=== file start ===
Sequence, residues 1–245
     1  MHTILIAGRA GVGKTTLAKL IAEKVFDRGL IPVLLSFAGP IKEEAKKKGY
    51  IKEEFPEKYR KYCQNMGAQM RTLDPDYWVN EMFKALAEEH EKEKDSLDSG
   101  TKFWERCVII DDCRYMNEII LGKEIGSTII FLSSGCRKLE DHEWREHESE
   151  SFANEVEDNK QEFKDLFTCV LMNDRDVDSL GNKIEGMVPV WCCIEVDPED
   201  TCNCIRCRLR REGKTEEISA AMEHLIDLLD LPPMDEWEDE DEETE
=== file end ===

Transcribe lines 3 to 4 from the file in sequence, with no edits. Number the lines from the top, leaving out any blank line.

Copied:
    51  IKEEFPEKYR KYCQNMGAQM RTLDPDYWVN EMFKALAEEH EKEKDSLDSG
   101  TKFWERCVII DDCRYMNEII LGKEIGSTII FLSSGCRKLE DHEWREHESE